ORAL PRESENTATIONS. Article by APU Student Services
This short guide is based on the materials used in the Oral Presentations workshop which forms part of the study skills workshops programme. The material included has been gathered and adapted from:
Developing Essential Study Skills Elaine Payne and Lesley Whittaker
Studying Successfully by Ray Baxter
Study skills handouts in the Student Centre.
University of Surreys on-line guide www.surrey.ac.uk/Skills/Pack/pres.html
"How not to give a presentation" http://bmj.com/cgi/content/full/321/7276/1570
WHAT MAKES AN EFFECTIVE PRESENTATION?
A good introduction
A good conclusion
Well organised material
Clear, logical progression
Good supporting information data, examples, illustrations
Retention of interest
Appropriate use of visual aids/handouts
Good rapport with audience
Appropriate use of language
Good voice control
GIVING A PRESENTATION MAIN STAGES
Before planning your presentation, consider:
Planning the presentation
Select and structure the main points and supporting information in a logical, coherent way
Practice makes perfect! Be familiar with your material, your venue and any equipment.
Effective delivery involves capturing and retaining the audiences attention, inspiring their confidence and developing their understanding.
The design and tone of your presentation will be affected by:
How much time have you been allotted?
How much can you get across in that time?
Have any content guidelines been set?
(e.g. title, fixed number of OHTs)
Is a common format/style required?
What do you want your audience to take away from the presentation?
Is your aim to explain, inform, persuade, debate or entertain?
Room size, layout, seating arrangements
Availability of audio visual equipment
Lighting, temperature, general comfort level
Who are they? What are their jobs/positions?
Why are they there? Are they there voluntarily or under pressure?
What is their likely attention span?
What do they already know about the topic?
How can you link new information to what they know?
Is their response likely to be positive or negative?
Will you need to win them over to a particular viewpoint?
Will anyone else be speaking for or against?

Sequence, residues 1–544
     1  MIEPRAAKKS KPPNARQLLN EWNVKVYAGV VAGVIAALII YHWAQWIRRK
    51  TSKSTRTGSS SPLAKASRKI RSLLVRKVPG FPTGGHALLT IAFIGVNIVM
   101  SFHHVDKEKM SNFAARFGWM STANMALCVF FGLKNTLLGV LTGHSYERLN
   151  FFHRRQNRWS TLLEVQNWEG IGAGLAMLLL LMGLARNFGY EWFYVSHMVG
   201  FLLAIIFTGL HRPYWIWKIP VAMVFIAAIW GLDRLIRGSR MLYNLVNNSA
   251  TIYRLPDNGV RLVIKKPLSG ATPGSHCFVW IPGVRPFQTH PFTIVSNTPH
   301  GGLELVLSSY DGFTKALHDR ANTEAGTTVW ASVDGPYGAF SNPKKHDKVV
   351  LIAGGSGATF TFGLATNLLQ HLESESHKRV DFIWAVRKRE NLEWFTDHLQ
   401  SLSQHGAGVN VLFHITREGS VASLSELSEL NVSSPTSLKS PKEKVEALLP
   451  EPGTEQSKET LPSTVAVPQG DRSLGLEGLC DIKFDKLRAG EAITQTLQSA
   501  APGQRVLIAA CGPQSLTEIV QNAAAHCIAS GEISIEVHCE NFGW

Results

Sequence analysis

What level will you need to gear your information to?
You may need to avoid technical jargon and explain abstract concepts with clear, practical examples.
PLANNING YOUR PRESENTATION
Choose the main points (3 max. in a 10 minute presentation)
These should reflect your objectives and take
account of your audiences needs.
Arrange main points in a logical, structured way which is relevant to the subject:
e.g. chronological, cause/effect, problem/solution
Choose supporting information to:
add clarity - explain complex terms through concrete examples, illustrations; remind audience of supporting themes
add authority quote experts; make connections with other peoples work; offer evidence from research
add colour video clips/slides; practical examples; analogies
Decide best way to present this information.
Establish linking statements to show how main points fit together
Develop your opening:
capture the audiences interest, establish a relationship
say what you will be talking about and how
say what you hope to achieve
- say what you expect of the audience to
listen, take notes, ask questions (during, after?)
- inspire confidence
Develop your ending:
review the subject area
summarise the main points and the process
draw the points to a conclusion/judgement
leave a lasting impression
Does your presentation meet your objectives?
Is it logically structured?
Is it targeted at the right level?
Is it too long/short?
linear notes or index cards?
number and keep in right order
note main headings and key words as prompts
DELIVERING AN EFFECTIVE PRESENTATION
o smile, be welcoming
o check comfort levels
o look for non-verbal signs of confusion/boredom
o address audience directly, dont read from notes
o check understanding
o invite questions
o show confidence through posture and body language
o maintain eye contact
o use controlled gestures to welcome, include, emphasise, indicate ending
Use language that involves you with the audience, e.g. use "we", ask rhetorical questions.
Express ideas clearly:
o avoid jargon, clichι
o summarise regularly
o vary sentence length, openers, types (statement, command, question, exclamation)
o avoid messy, rambling endings or fillers
o use verbal signposts to direct listening
Use your voice to maintain interest, convey energy and enthusiasm:
o volume loud enough for audience to hear, but vary for effect
o pace speak slowly and clearly, use pauses to indicate change of direction or to emphasise a point
o pitch e.g. raise for questions
Practice makes perfect! Rehearse your presentation.
Be familiar with your material and equipment
Get a good nights sleep
Arrive early to check layout, equipment etc.
Have a warm drink beforehand to relax throat
Have a drink of water to hand
Take a few deep breaths before starting
Pause between sections, after questions, to allow comfortable breathing patterns
© Copyright for this article belongs to APU Student Services
This document was re-printed with the kind permission of Susan Butler. Original Source of the article is located here: http://web.apu.ac.uk/stu_services/essex/learningsupport/OL-OralPrsntatns.htm